Even if California remains a safe haven for abortion, trans, asylum, and other rights, the costs of supporting those fleeing oppressive laws elsewhere – as, I believe, we must – will be enormous. Planned Parenthood clinics in California expect a huge increase in people from other states who seek abortions here; that may result in critical delays for Californians as clinics gear up.
So, what can we do to reclaim reproductive rights? Here are some options:
- Keep walking – moving forward.
- Keep speaking – and acting – up before the Court, legislators, and our own families to change public opinion and laws.
- Support state laws to assist those coming here from anti-abortion states – and from rural parts of California. Support bills in the California legislature to expand the number of abortion providers, provide financial assistance to those from out of state, and protect the doctors who treat them.
- Donate to organizations that provide reproductive healthcare, especially in states that restrict abortion. One resource is the National Council of Jewish Women’s new Jewish Fund for Abortion Access.
- Vote and work to elect candidates who reflect Jewish values of autonomy and equality for all persons. Hold corporations accountable if they fund anti-abortion politicians.
To change the political trajectory, I believe two more things are important:
- First, we can’t separate abortion access from the larger struggle for reproductive justice and for fundamental overhaul of our social services – to provide universal healthcare, adequate childcare, family preservation, living wages. These policies would allow true choice.
- Second, if we believe in these rights, we’ll need to be prepared for a long fight, and with all of us working together.
What else would YOU suggest?
Bechukotai is the final portion in the book of Leviticus. The words we say when we end a book of Torah seem especially appropriate now: “Chazak, chazak v’nitchazeik”: “Be strong, be strong, and together we will be strengthened.” Ken y’hi ratzon.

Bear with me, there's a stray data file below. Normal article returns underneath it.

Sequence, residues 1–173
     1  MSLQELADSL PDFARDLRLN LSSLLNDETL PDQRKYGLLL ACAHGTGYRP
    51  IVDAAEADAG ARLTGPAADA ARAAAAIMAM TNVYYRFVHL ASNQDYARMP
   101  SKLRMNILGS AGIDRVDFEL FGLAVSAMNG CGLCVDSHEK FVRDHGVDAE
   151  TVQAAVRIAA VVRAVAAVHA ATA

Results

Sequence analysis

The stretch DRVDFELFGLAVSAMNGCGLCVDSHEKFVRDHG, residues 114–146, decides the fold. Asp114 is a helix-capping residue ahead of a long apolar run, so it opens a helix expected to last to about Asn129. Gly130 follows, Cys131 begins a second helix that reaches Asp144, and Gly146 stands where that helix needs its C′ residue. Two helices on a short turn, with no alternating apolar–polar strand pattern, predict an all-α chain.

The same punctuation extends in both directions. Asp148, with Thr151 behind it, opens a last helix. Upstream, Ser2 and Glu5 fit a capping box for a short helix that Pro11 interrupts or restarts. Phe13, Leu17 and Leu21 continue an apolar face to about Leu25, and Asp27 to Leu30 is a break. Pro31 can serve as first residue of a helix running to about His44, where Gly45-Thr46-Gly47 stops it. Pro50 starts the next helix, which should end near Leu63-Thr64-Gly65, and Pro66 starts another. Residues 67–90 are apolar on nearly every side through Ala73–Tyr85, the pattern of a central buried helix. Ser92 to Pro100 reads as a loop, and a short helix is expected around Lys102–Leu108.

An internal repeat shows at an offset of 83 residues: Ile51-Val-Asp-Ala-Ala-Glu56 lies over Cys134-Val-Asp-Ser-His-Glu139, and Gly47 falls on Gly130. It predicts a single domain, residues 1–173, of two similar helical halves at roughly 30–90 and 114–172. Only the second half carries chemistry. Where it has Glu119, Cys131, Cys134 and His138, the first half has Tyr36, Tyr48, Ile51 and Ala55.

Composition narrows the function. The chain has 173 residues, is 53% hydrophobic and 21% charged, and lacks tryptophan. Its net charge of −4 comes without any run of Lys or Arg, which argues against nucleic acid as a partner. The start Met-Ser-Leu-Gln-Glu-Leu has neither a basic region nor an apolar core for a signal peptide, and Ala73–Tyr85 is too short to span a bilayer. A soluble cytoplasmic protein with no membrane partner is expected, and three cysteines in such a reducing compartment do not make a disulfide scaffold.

Honoring Daniel Chesir, Co-Founder at Sha’ar Zahav’s 42nd Anniversary Shabbat
Click here to view Sermon in PDF format.
By Rabbi Yoel H. Kahn August 23, 2019 – 22 Av 5779
It is an honor to be here this evening. I last spoke from this bimah 23 years ago and became the rabbi of the synagogue 34 years ago; I see so many people here this evening who were present back then, all sitting in exactly the same seats. In 1995, CSZ held a celebration called 18/10’it was the synagogue’s 18th anniversary and the tenth anniversary of my ordination as a rabbi. Daniel of course was there. Daniel was always there. In fact, it was so taken for granted that Daniel was there, well…
If you called him on the telephone – to be clear, this was back in the day when, if the phone rang – in your house, not your pocket – you answered it, because, you know, only bourgeois people had an answering machine – Ring, ring, ring…”Speaking!” or perhaps ….Ring, ring.. “This is he!”
I have to say I wrote a beautiful drash about Daniel and his importance to CSZ, to gay Jews and therefore to the Jewish people in our generation, but – in honor of Daniel’s personal style – I lost it somewhere on the computer. So I’ll just offer a few off-the-cuff remarks.
In 1977, inspired by Beit Chaim Chadashim in Los Angeles, the first Reform synagogue with an outreach to gay and lesbian Jews, three gay yeshiva-educated young men decided that they would start a group for gay Jews. There had been an earlier organization a couple of years ago, kind of a gay Jewish brunch gathering, but this was to be an explicitly Jewish religious – as well as communal – gathering. They went to visit the rabbi of the big Reform synagogue, Temple Emanu El to explain their goal and ask for a meeting space. Rabbi Asher, who was born in Germany before the war and would have preferred perhaps to have lived a century before that, listened patiently, and then looked at the ceiling in his office and said: “Our singles group meets on Wednesday evenings.” No, they explained, we are “homo-sex-u-als!” Silence. “Our singles group meets on Wednesday evenings.”